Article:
Butterfly legend Ada Kok, who made her Olympic debut in 1964 when the Carliles led the Dutch team four years before she claimed the 1968 Olympic 200m gold and was later a much-loved global representative of Speedo for many years, tells me:
“R.I.P Ursula So sad to learn of the passing of Ursula. So many memories of both of them Forbes & Ursula were the Dutch National coaches of the Dutch Olympic Swimming Team in 1964. Two great people who were – at that time – way ahead in their knowledge of how to coach top swimmers.
They changed the conservative thinking of the Dutch coaches completely in those couple of years they spent in the Netherlands. It always has been such a great privilege to have known them. Now finally together again ..“Ada Van Den Linden (nee Kok) – image courtesy of Ada
In a moving tribute, Carlile Foundation director and former international Tim Ford told ABC:
“She was a pioneer and a leader in her own right. At a time when our sport was dominated by highly conservative thinking and practices, overt officialdom and very limited opportunities for female coaches, she blazed a trail to be the first female coach of an Australian Olympic swimming team. An amazing achievement, despite the obstacles.”Tom Ford, Carlile Foundation director – Photo, Ursula in her young coaching days, courtesy of Ursula Carlile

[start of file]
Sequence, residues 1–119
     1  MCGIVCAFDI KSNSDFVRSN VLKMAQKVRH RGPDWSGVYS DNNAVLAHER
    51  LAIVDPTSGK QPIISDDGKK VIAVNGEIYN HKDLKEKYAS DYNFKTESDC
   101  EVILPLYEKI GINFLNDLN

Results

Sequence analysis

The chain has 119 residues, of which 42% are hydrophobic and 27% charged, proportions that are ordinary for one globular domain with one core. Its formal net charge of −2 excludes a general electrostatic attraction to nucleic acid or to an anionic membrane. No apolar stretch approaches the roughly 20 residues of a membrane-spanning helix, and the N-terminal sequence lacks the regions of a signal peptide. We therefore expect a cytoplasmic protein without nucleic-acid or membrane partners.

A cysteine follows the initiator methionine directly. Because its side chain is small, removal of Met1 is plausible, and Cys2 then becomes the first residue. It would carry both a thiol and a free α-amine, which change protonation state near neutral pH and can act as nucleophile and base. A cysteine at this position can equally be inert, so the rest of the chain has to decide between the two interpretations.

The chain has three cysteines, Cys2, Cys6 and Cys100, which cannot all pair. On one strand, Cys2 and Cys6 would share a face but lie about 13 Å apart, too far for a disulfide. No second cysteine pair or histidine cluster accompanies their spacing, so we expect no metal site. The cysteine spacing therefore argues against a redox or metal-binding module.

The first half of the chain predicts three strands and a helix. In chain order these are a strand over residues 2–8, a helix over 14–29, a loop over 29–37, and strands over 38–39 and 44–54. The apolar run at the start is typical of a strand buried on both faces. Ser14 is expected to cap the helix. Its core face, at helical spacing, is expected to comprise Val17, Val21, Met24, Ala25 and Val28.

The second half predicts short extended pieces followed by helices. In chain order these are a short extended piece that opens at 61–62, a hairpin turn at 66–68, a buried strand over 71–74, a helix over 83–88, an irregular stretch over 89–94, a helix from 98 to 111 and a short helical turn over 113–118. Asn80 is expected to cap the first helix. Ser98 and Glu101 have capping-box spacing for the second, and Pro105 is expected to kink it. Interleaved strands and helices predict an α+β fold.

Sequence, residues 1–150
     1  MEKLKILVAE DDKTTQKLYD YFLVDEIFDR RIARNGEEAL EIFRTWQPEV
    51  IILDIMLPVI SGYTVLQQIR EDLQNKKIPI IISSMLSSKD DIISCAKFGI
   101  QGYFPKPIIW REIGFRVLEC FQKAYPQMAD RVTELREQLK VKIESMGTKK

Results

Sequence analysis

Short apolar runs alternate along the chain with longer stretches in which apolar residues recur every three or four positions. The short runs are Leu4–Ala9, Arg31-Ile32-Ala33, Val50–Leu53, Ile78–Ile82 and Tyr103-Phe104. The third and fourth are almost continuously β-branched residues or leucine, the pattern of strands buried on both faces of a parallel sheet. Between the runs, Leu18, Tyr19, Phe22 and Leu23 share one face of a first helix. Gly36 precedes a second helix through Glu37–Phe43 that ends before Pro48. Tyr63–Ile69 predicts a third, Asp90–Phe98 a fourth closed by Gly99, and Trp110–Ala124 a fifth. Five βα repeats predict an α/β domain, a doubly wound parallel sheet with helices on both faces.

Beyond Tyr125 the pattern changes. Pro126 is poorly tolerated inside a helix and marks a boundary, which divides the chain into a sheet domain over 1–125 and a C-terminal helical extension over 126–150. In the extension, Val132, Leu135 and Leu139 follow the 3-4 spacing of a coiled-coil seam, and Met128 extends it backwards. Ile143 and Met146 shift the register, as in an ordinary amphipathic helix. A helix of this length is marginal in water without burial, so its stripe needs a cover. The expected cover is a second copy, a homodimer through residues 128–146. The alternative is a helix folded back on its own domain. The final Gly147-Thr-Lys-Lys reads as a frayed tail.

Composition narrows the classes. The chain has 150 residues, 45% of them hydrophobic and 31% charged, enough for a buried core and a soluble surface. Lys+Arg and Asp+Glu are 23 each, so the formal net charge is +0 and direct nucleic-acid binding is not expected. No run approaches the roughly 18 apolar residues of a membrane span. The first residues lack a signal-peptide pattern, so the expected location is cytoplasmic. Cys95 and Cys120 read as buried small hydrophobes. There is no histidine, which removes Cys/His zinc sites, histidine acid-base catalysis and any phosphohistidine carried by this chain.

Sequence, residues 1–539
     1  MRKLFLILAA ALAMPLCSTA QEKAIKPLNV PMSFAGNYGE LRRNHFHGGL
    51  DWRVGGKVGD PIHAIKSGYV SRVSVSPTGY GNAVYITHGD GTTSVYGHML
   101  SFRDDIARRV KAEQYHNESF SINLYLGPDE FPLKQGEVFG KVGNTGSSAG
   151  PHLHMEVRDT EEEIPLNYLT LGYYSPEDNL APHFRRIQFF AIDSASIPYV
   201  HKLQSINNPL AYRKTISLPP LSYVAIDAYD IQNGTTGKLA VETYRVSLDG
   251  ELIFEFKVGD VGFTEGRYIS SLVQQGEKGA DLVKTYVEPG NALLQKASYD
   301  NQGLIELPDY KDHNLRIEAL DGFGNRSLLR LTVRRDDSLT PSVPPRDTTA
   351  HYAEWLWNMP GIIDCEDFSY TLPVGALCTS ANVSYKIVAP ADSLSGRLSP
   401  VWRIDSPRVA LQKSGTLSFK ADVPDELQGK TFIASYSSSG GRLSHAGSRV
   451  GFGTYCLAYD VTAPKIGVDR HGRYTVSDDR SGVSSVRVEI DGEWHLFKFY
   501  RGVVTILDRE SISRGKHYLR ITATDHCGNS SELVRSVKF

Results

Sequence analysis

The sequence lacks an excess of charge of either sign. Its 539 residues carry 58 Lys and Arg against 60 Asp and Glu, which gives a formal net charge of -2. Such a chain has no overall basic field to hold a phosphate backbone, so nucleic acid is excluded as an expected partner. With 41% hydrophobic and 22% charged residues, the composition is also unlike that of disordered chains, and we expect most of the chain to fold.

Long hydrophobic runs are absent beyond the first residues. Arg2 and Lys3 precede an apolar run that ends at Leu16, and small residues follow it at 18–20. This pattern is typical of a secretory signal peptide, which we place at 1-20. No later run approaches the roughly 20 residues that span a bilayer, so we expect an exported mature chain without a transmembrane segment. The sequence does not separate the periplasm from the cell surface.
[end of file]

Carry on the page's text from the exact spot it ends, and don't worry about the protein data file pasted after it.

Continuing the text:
Ford, who was coached by Ursula Carlile before joining Carlile Swimming, described Ursula as a “quiet achiever” and “fiercely determined”. He told ABC:
“Ursula had a wonderful and unique set of characteristics — unwavering loyalty to Forbes, passion for her beloved Ryde Swimming Club, diligence and commitment to coaching and deep care for her swimmers. She was the epitome of the quiet achiever. Given Forbes’s larger-than-life personality, and with her natural reserve and humility, Ursula’s profile was often secondary to Forbes’s. However, it was a big mistake to underestimate the impact that Ursula had on the Carlile organisation. She was fiercely determined, highly intelligent and technically excellent.”Tim Ford, Carlile Foundation director. Photo: Ursula with some of the many thousands of swim pupils she has guided down the decades, courtesy of Ursula Carlile